'Made in China' Is Cheap No More South China is the world's factory floor. For years, it has churned out cheap products like toys, shoes and clothing. But now rising costs — and shifts in Chinese government policy — are knocking hundreds of smaller factories out of business.
NPR logo

'Made in China' Is Cheap No More

  • Download
  • <iframe src="https://www.npr.org/player/embed/65080288/74991288" width="100%" height="290" frameborder="0" scrolling="no" title="NPR embedded audio player">
  • Transcript
'Made in China' Is Cheap No More


From NPR News, this is ALL THINGS CONSIDERED. I'm Melissa Block.


And I'm Robert Siegel.

South China is the world's factory floor. For years, it has churned out cheap products: toys, shoes and clothing. But now rising costs — and shifts in Chinese government policy — are knocking smaller factories out of business.

China's state-run press says 1,000 shoe factories closed last year in Guangdong province alone. And as profit margins disappear, some companies are even moving to lower-cost countries like Vietnam.

In the first of two reports, NPR's Frank Langfitt looks at the changing face of made in China.

FRANK LANGFITT: Travel around parts of south China's Guangdong province and all you will see are factories, tens of thousands of them mostly bathed in white tile and blue glass. But look closely these days and you'll notice something new - more and more are lock-shut and abandoned - factories that used to make bicycles, furniture and shoes. And slapped on the front gate, you'll usually see a seal from the local court saying the company has gone belly-up.

I'm standing here in a factory in Guangdong province and I got to say this is a sight I didn't think I'd ever see. The factory went bankrupt three months ago - it makes shoes. And today, there are all these workers here who are pulling boards and metal and other machinery out of the factory to recycle it. The place is completely deserted. And it's one of hundreds of factories that have gone bankrupt in this area.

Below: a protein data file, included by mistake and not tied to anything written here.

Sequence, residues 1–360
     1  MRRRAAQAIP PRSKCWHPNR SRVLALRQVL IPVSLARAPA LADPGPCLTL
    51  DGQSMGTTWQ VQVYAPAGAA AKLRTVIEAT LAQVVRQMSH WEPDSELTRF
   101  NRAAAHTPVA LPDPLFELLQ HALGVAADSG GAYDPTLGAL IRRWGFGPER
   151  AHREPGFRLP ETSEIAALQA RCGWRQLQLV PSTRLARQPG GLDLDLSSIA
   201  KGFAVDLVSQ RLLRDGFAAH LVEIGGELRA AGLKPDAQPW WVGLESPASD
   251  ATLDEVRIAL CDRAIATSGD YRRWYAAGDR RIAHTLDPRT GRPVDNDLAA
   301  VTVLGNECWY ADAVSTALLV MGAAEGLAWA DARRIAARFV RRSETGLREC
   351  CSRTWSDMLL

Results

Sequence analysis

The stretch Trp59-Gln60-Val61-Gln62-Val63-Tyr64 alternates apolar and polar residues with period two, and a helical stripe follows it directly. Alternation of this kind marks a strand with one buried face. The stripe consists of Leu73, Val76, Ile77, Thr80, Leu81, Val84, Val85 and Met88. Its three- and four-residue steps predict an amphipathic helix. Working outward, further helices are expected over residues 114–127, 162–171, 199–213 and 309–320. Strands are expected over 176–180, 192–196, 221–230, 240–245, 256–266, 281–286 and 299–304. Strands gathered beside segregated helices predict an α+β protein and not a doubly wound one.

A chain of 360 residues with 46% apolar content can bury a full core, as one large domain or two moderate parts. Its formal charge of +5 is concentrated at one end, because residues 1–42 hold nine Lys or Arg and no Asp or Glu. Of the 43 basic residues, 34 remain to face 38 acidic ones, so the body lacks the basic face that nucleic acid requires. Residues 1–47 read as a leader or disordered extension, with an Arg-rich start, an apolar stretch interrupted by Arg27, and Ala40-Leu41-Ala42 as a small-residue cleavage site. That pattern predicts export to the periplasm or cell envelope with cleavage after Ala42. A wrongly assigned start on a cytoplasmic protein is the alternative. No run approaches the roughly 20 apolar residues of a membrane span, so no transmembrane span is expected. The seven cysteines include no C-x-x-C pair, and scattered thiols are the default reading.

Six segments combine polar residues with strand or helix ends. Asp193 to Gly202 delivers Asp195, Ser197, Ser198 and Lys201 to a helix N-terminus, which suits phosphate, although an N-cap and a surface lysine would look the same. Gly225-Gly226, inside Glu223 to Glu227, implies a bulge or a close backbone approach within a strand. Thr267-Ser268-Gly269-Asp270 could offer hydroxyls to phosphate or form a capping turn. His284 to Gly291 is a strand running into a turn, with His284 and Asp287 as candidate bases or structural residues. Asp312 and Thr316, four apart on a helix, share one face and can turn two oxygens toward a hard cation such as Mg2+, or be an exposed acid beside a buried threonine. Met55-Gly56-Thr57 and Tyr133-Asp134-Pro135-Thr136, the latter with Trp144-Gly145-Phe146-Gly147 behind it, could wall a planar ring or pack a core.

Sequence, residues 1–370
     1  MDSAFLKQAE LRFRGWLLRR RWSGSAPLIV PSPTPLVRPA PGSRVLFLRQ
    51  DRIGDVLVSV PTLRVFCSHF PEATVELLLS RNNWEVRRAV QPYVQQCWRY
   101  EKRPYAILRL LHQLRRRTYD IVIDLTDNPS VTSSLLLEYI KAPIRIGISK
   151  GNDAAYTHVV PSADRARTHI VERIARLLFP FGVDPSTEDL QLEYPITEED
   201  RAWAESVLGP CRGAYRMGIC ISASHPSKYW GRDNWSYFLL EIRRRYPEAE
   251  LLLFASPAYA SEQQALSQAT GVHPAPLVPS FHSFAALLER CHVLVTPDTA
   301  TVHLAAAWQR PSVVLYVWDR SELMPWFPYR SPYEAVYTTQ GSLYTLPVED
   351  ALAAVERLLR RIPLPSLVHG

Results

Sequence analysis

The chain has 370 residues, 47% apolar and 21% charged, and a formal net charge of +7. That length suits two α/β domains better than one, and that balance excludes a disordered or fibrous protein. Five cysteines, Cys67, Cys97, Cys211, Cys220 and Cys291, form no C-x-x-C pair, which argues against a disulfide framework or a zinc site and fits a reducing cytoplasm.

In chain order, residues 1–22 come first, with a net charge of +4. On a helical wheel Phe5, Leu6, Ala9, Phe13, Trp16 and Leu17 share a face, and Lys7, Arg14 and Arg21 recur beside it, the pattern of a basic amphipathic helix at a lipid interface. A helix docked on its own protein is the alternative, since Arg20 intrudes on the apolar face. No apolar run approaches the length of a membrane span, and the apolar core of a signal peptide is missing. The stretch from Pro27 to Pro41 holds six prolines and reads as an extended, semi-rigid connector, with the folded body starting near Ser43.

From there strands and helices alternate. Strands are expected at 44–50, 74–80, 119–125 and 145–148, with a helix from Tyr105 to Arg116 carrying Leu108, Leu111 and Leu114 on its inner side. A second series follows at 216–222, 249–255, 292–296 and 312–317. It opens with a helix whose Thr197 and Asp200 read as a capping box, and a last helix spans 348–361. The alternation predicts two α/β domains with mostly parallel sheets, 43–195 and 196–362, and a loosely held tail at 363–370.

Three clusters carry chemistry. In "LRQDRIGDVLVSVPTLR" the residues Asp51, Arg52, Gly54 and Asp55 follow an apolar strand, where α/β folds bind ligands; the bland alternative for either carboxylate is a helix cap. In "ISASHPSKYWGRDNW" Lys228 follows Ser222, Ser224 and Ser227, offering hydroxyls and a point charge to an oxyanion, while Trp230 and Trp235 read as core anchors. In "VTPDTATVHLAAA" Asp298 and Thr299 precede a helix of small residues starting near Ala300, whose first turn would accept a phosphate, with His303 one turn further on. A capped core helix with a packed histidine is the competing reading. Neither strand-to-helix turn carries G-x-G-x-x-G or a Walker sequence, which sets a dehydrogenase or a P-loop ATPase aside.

(Soundbite of pouring rain)

LANGFITT: As rain pours down on the factory's aluminum roof, I poke around. Straw mats still liter the floors of dorm rooms where workers once slept. Torn shoe soles and broken swivel chairs lay in puddles around the courtyard.

(Soundbite of Chinese workers)

As workers toss scrap wood onto a truck, they address me as Lao Ban. That's boss in Chinese. They think I'm here to buy the place. Then I meet the scrap workers' boss. His name is Huang Jin. He tells me the company went bankrupt last fall. The owner fled leaving hundreds of workers unpaid. Huang says he stripped lots of shoe factories.

Mr. HUANG JIN (Scrap Worker Boss): (Through translator) Since last Chinese New Year, it's been about 30 or 40.

LANGFITT: He sells the equipment to other factories in China's inland provinces or Vietnam. He says the business of scavenging bankrupt manufacturers is booming.

Mr. HUANG: (Chinese spoken)

LANGFITT: I asked by what percent it's gone up. He laughs.

Mr. HUANG: (Chinese spoken)

LANGFITT: It's hundreds of percent, he says, not how much percent.

Factories have gone bankrupt for several reasons. Huang, the scavenger boss, says one is a labor shortage, as workers can find more jobs elsewhere than ever before.

Mr. HUANG: (Through translator) If a boss opens a factory, it's very hard to find workers. And even if you find workers, they're not skilled. They don't know how to make shoes.

LANGFITT: Some Chinese dream of running a factory here. But Huang says the conditions are so bad now, it's safer to keep stripping them.

Mr. HUANG: (Through translator) Last year, I was going to invest in a motorcycle fuel business. I flew to meet my friend and told him. I wanted to open a factory affiliated with his in Changsha. Then he told me, Huang Jin, don't do it. Don't think that I'm flourishing. It's empty inside. You probably have more money than I do.

Mr. SAMUEL KUO (Owner and Chairman, Lacquer Craft Furniture): Made in China is not cheap anymore.